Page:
This is a very complex topic and I will therefore not cover it here because I could write a full article about that as well. Just keep this in mind as this might lead to negative publicity if you do not carefully screen the texts submitted by users.
If a user gets no perceived personal gain from using your ratings feature the stickyness is not likely to improve. By implementing something like a toplist which shows the users that have rated something on your websites ordered by the number and/or quality of ratings they might use your ratings feature more often.
In the best case – I will talk about that later in this article – everyone will benefit from the ratings feature.
Many people like to tell others that they are the “top rated user” on a website or at least something like a “top 10″ user just because of the perceived personal gain – or even admiration – not because they are getting something physical in return.
You should not underestimate this human trait. So I definetly think you should integrate something like a toplist on your website. Implementing this however may yield more useless ratings because there are many people out there that would just like to get a top position without much work so be prepared to handle ratings like “I can highly recommend this [whatever]” over and over again. If you are just using star-type ratings this may or may not be a problem depending on what the user can rate. You can actually rate the perceived quality of an image quite well within a few seconds but you obviously cannot rate a 1000-word article within 5 seconds. This is a very tricky situation.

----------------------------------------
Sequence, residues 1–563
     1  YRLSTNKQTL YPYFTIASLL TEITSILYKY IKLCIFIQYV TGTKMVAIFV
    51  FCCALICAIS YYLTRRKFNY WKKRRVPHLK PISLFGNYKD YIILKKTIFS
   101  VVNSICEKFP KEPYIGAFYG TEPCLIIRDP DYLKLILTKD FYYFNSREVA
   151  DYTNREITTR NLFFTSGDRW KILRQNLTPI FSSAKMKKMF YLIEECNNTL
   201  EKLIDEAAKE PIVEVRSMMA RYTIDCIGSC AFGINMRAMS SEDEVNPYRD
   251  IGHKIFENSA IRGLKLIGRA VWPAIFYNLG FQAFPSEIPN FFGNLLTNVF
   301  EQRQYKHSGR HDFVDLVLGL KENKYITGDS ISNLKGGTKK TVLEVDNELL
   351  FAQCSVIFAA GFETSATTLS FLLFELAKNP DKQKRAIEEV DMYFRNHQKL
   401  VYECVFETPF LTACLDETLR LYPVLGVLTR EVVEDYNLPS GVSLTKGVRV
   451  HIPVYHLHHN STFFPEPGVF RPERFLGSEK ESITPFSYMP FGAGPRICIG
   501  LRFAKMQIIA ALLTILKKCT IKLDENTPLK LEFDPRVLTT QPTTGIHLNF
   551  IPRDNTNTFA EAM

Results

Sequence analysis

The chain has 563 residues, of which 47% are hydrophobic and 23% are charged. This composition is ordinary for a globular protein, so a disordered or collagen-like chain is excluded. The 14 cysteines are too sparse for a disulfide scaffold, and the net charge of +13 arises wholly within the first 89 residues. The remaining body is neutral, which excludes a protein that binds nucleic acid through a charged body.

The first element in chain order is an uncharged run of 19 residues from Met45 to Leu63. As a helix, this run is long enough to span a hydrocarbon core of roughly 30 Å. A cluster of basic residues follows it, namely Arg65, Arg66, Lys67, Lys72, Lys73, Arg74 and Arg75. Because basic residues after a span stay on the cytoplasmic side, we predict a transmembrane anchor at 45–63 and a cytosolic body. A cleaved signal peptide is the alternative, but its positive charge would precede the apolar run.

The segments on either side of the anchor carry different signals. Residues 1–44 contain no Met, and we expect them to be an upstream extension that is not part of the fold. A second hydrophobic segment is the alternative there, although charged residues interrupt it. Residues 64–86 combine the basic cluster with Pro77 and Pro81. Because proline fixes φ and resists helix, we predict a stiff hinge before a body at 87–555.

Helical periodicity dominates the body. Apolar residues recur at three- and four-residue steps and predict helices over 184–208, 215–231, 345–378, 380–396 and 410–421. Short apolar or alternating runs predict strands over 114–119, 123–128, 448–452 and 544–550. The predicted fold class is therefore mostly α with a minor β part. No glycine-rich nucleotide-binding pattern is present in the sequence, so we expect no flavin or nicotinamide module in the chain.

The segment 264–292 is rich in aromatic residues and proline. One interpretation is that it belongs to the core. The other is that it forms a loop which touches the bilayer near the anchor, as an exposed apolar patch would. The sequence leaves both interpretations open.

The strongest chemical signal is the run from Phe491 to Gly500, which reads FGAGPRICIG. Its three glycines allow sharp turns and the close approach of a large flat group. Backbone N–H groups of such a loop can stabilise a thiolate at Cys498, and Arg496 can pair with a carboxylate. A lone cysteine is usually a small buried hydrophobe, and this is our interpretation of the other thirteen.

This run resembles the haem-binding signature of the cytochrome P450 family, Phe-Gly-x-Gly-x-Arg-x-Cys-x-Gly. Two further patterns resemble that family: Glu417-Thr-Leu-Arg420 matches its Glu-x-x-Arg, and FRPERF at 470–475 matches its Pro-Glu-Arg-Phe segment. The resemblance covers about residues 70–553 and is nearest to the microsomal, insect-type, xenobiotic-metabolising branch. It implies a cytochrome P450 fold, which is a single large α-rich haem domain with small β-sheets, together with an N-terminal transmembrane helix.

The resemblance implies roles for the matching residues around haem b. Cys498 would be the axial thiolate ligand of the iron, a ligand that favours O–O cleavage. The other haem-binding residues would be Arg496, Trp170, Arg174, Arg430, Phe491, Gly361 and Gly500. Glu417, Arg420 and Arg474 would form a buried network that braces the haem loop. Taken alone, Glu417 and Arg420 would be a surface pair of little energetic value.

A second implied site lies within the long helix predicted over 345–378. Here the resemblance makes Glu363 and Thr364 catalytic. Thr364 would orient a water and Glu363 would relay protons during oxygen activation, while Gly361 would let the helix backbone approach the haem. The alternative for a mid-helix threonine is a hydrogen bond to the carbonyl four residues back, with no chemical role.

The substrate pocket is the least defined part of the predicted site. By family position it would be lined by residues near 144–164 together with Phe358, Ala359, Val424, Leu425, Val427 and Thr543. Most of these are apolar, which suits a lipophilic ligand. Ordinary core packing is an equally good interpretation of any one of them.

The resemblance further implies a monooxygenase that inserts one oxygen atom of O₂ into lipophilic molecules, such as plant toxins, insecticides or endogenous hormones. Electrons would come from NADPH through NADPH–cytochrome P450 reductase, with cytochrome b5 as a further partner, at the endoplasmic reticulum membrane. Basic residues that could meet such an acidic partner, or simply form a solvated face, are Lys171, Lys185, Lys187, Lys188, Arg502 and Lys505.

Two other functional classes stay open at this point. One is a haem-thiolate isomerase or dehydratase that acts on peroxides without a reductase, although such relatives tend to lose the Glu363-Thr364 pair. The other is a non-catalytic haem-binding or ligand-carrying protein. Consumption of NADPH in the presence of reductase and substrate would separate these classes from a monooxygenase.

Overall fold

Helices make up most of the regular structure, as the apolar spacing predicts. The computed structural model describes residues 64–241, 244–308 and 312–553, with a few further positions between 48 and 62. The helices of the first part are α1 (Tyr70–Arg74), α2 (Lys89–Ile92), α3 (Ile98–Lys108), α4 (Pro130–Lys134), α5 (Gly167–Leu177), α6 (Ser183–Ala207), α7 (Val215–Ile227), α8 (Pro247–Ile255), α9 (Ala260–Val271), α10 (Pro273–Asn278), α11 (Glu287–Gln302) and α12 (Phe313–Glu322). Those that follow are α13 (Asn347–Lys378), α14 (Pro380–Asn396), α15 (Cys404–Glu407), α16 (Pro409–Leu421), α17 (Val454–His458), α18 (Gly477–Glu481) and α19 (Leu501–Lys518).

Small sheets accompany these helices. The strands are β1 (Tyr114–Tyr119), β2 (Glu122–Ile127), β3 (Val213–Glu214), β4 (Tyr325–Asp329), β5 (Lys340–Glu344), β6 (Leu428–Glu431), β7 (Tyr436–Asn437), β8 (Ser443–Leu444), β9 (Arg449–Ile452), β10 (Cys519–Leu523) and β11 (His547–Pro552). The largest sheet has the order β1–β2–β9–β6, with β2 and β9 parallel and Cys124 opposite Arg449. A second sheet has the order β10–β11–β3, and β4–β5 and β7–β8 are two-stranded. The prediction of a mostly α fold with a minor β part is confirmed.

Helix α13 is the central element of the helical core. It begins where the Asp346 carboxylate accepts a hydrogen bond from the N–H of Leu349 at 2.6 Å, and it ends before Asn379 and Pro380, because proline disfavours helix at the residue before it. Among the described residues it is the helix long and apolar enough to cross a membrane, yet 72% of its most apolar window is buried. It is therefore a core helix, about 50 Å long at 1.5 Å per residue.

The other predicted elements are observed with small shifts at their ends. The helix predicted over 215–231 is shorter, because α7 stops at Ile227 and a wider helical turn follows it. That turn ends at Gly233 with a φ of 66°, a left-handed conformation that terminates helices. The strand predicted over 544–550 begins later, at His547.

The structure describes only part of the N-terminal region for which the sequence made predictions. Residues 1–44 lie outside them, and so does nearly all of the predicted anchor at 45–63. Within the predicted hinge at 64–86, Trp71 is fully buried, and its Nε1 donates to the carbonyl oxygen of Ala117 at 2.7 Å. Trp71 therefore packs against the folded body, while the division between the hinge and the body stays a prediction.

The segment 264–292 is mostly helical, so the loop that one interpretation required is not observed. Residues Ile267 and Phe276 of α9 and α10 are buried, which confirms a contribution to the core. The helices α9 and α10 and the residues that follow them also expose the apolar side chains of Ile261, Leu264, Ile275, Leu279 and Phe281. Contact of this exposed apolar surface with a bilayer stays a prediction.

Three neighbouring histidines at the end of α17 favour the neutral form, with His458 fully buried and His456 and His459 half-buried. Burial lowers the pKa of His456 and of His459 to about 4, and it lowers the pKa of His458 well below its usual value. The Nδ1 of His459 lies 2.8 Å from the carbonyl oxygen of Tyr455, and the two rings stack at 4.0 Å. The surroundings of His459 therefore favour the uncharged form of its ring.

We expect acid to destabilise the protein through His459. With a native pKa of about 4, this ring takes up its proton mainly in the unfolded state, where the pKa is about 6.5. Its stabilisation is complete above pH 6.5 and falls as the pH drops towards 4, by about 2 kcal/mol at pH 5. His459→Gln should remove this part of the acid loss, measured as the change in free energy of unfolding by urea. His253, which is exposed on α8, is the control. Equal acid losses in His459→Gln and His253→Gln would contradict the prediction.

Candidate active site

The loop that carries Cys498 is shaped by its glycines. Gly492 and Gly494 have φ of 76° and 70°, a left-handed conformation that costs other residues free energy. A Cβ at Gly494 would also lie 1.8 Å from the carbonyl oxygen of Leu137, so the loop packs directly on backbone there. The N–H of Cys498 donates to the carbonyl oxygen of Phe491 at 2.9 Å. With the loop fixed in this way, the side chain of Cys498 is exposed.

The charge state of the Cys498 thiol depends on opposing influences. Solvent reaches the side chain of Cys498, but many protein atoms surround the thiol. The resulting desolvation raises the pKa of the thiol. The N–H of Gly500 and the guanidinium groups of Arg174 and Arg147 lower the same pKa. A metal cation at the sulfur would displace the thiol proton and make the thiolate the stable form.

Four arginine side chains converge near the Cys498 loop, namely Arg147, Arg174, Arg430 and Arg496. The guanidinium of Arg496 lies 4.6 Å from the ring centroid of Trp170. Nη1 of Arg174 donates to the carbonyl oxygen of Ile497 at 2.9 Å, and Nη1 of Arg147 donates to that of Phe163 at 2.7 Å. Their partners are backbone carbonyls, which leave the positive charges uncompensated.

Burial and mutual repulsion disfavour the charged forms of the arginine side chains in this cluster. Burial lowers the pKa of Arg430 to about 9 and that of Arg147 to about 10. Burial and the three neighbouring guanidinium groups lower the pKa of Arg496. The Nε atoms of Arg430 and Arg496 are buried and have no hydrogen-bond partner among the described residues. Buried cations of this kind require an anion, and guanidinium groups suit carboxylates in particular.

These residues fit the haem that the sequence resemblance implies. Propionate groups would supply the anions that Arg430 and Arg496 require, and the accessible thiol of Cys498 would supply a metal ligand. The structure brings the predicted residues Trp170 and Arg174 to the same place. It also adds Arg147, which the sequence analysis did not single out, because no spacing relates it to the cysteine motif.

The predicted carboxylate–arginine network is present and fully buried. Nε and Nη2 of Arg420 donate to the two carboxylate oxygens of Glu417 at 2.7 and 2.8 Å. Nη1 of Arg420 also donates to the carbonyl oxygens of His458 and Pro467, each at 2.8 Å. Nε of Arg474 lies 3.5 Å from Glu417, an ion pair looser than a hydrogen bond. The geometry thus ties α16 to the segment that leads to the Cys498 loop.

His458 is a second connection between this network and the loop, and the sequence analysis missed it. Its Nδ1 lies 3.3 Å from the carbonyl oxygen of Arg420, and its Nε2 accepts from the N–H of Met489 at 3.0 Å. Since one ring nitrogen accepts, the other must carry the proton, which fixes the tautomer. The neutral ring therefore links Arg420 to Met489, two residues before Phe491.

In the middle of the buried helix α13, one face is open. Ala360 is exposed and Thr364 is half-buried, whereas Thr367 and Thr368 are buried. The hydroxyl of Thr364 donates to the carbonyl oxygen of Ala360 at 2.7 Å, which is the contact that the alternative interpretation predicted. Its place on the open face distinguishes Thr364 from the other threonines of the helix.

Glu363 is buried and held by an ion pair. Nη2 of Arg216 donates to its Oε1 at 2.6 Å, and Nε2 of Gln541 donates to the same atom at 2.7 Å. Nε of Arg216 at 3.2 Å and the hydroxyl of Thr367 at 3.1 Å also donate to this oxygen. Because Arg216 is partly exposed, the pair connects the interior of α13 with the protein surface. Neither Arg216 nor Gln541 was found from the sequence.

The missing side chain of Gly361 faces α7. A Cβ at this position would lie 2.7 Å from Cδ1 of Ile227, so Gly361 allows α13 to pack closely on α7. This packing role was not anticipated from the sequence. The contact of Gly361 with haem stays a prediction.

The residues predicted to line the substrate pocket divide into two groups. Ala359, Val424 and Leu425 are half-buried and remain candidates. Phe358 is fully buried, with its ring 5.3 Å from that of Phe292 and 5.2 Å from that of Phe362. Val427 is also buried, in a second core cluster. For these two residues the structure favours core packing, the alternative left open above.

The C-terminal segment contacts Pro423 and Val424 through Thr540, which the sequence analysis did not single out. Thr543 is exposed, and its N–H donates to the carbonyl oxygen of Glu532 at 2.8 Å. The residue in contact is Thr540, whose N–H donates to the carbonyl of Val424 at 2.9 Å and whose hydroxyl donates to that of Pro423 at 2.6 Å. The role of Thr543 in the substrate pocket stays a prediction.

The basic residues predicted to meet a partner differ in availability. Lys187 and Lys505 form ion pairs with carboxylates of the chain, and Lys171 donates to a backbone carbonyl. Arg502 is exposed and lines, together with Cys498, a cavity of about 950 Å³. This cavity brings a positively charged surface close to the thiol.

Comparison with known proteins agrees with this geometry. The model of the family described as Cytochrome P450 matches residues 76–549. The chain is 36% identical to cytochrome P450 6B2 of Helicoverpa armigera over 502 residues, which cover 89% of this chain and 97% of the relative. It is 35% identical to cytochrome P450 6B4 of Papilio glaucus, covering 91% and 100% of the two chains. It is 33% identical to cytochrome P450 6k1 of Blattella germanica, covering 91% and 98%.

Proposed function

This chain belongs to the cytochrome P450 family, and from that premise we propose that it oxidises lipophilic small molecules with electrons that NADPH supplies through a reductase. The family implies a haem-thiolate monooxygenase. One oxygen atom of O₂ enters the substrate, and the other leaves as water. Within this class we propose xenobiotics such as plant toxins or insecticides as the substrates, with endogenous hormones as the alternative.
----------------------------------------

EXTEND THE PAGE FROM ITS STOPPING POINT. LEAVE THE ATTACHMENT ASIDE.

- Don’t fake ratings
You should never fake ratings or have other people write ratings for you that are getting paid to do it. Most users will be able to spot this easily just like I did on a German business directory.
- Don’t syndicate ratings
Although syndicating ratings from other vendors might give the impression that you have lots of good content most users are likely to find out soon that you are not providing unique content especially if you have many competitors. From an SEO standpoint you should not do that as well because duplicate content is something you should always try to avoid.
What I learned
On one of my websites (a German website for models and those who wish to become models) I have implemented a ratings feature about two years ago. Although I have not implemented a textual ratings or comments feature yet a simple 5-star rating allows every registered user to rate a model profile. And that’s actually the complete visible ratings feature I implemented. I also implemented a list of profiles the user has not rated yet to encourage the users to rate other profiles.